Let’s look at how the crash cam world has changed because of the Canon 5D.
It has replaced the eyemo that used to be a clapper of a 35 or 16mm with bad lenses. It could be blown up, bashed into, driven over, or you could even have a car land right on it. I used them on Terminator: Salvation, the Arri III Crash tube that Michael Bay perfected for Bad Boys back in the day. It is an Arri III with very expensive Panavision, Cooke, or Arri glass in an aluminum tube that can take some serious abuse.
This was my go-to Crash Tube for all the bashing in the Moto Terminator chase, as well as in Act of Valor when we shot a missile at the truck and blew it up. That car slid right into that baby. Obviously, the Arri III is essential for high-speed work. It will go to 120fps, which was employed on both films. But what about 24fps crash cams?
We used up to 6 at a time on Act of Valor, whether we were aiming mini guns, 50 cal, or just plain driving the camera over it. We put the Canon 5D in a Pelican case and then shot it or blasted it. Canon or Zeiss ZE glass was sacrificed for the art form of camera placement.
Canon 5D Crash Cam
We cut out an 80mm hole for the still lens, and then a small portion of the back was etched out so that you could view your shot, press record, and run like crazy. This became an intricate part of making Deadfall in Montreal last year.
Our stunt was a Town Car losing control after hitting a deer at dawn. The camera slides, spins a 360, and then hits a bank. The car spirals through the air and lands, killing the driver, but Olivia Wilde and Eric Bana seem ok.
I used 8 Canon 5Ds to pull off this crash, and I have to say it is a crash sequence that you have never experienced before. It’s intimacy with the Canon cameras once again that allowed for immersive coverage, so you feel like you are in the car.
Breaking it Down
To break this down, we had several different shooting environments. Inside the car, after it hit the deer was practical on location. We used a 5D with a Panavision 35mm rigged in between the front seats. On the road where the car spins out of control, we used 35mm cameras in fields to show the wide spectacle of it all, along with rig shots of the front and rear tires to show the brakes locking up and the front wheel turning.
My favorite camera was the one that we placed on the road naked, with no crash housing, just a 5D with a Zeiss ZE 21mm. We placed a water bottle on the road, and the stuntman slid right over the top of it, which was the shot.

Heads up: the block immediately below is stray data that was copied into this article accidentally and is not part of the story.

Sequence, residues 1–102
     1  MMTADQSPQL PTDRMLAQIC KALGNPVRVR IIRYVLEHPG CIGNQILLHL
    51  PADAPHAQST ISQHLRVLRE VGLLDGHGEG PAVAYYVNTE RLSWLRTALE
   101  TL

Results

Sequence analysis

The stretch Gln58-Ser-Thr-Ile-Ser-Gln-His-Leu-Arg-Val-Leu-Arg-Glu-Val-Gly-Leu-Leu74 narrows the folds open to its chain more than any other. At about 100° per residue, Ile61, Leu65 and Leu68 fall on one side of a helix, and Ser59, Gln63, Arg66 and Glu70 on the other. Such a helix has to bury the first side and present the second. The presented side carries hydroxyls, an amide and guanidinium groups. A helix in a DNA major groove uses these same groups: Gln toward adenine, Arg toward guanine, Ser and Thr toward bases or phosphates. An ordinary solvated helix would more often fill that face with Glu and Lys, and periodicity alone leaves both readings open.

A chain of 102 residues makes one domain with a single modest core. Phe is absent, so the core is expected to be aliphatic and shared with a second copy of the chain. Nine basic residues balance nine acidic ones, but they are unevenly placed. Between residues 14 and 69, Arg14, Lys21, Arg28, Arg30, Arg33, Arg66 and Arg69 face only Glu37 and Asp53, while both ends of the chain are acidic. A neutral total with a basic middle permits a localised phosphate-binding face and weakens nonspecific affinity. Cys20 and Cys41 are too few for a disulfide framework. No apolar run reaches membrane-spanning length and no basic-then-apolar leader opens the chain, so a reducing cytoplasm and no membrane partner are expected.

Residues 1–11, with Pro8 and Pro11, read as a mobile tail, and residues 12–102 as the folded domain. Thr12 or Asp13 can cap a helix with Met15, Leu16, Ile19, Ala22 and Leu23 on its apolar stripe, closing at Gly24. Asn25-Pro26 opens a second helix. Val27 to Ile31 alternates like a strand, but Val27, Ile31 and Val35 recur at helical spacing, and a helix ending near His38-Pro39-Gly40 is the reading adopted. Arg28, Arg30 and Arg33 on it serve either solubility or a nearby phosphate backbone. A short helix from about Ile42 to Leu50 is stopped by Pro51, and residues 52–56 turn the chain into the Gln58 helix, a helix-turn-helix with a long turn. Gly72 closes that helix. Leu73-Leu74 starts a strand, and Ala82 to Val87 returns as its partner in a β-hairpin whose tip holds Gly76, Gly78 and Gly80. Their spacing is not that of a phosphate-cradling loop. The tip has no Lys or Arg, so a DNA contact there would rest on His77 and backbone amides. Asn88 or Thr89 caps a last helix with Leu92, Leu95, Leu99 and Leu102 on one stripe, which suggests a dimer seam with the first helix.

Director Stefan Ruzowitzky said, “Action!” and the car slid and headed right for the camera. BAM! The 5D was blasted about 50 yards down the snow-covered road into a snow bank while still recording. YEAH BABY!!!
Take two didn’t go any better, but the camera survived it. Unfortunately, all of its brains were scrambled, and it lost all of its saved settings. After take 3, the camera did not come back.
BBQ Spit Rig
The next location was inside the car, back on stage with a rig that we called the BBQ spit rig. Imagine a car put on a rotisserie rig that spins the actors upside down in the car as it flies through the air.
We employed 3 Canon 5Ds in low angles embedded in the car to take in the experience of flipping upside down. The one in the back seat showed Olivia Wilde getting tossed all over, her hair flying, her body being slammed up against the door, and glass shards flying through the air. It was spectacular.
The last location was back at the practical location at the base of the bank where they originally flipped over. This is where the Pelican case gave us the ability to put the camera in many places. The stunt and special EFX team had a good idea of where the car would land, but we only had one shot.
So I placed 6 cameras in Pelican cases with all 24mm L series glass in an array where they estimated the car would land. I put some of them a little short so the car would roll right over them, and three others right where they said the impact would be.
Designing the Crash
We didn’t miss it. We had coverage on a crash that was unique. Up to this point in time, we would never be able to afford to do this on a small-budget psychological thriller. Mike Svitak and I had a blast covering this crash. On a side note regarding lighting, we had a 20-minute window of light to shoot this whole sequence. What challenges have you had when shooting action sequences?
Thank you to Patrick Moreau, Justin Devers, and With Etiquette for the song track used on the crash cam video.